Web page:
U.S. Proposes Tough New Safety Rules for Commuter Airlines

From Associated Press

Commuter airlines would have to add safety equipment to their planes, give pilots more time off and improve operating methods under tough new rules announced Friday by the Transportation Department.

The rules, expected to take effect by the end of 1996, would bring the operators of planes with 10 to 30 seats under the same regulations that now cover the major airlines.

“Establishing a new standard of safety is essential to keeping pace with the tremendous growth of the commuter airline industry during the last two decades,” said Transportation Secretary Federico Pena.

The smaller airlines will be required to set up a system of certified dispatchers to coordinate flights, hire a full-time official responsible for safety, increase the test time for new airplanes, give maintenance workers more time off, add weather radar, emergency lighting and lavatory fire protection systems and install some additional cockpit equipment.


In addition, commuter pilots would be limited to flying 30 hours in seven days, 100 hours in a month or 1,000 hours in a year, the same as major carriers. Current commuter pilot standards are 34 hours in seven days, 120 hours a month or 1,200 hours a year.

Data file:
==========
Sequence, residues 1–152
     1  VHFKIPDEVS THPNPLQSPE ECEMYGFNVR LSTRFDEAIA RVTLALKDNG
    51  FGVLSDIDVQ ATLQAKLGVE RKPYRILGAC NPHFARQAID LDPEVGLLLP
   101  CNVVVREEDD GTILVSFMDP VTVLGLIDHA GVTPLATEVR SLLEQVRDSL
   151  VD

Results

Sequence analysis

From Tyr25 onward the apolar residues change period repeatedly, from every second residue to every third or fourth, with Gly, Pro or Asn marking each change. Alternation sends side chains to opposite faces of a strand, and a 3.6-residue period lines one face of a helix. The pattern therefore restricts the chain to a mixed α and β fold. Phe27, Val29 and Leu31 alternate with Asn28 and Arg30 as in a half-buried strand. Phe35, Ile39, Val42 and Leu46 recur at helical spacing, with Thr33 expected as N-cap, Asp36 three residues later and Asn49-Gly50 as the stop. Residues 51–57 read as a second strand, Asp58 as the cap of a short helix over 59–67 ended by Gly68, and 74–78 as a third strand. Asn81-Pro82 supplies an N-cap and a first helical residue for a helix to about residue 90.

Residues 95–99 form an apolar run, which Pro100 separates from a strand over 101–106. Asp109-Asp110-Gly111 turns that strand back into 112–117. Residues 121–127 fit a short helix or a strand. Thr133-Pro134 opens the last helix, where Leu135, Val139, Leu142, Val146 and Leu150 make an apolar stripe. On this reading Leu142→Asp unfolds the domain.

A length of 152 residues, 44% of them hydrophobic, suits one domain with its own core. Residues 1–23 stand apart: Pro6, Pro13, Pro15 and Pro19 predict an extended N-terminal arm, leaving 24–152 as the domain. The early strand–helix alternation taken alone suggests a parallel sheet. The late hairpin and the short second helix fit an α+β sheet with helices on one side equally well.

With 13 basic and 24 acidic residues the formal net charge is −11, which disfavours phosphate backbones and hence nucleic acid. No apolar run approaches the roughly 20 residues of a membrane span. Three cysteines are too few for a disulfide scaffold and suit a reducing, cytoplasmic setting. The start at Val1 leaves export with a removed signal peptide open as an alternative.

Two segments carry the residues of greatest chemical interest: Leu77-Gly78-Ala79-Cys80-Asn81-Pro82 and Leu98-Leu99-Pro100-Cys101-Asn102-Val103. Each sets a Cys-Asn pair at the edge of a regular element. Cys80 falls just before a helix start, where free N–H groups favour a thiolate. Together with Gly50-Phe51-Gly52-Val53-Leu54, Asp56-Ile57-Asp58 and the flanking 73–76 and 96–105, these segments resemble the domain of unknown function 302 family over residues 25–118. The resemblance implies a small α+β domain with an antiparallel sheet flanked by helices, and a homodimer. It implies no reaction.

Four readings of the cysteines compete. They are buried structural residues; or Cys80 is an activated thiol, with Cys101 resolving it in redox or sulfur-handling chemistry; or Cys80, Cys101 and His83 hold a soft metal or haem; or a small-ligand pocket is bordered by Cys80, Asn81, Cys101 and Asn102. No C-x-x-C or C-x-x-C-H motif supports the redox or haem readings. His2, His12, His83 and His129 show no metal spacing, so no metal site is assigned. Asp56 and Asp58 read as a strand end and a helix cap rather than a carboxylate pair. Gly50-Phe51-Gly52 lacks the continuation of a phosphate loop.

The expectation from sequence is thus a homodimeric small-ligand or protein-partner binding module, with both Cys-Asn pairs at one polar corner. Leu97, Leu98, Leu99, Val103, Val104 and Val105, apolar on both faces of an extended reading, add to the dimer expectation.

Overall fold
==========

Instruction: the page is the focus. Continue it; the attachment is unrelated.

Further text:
Smaller planes were left some minor exceptions. For example, planes with under 20 seats would not have to have a flight attendant or a locking cockpit door.

Many smaller carriers, including those under contract to Delta, American and Northwest airlines, already are meeting the new standards, said David R. Hinson, the federal aviation administrator.

The new standards would cover 1,100 airplanes operated by 65 carriers. The rules are expected to cost $275 million over 10 years, but could prevent more than 90 accidents, Pena said.


The policy-oriented National Air Transportation Assn. complained about the cost and said the move was unnecessary because the smaller carriers are already very safe.

The Air Line Pilots Assn. and the Regional Airline Assn. both issued statements welcoming the change, however.

The rules are open for 90 days of public comment. Pena said he expected the final rules to be published in December, and that all airlines should be meeting the standards by the end of 1996.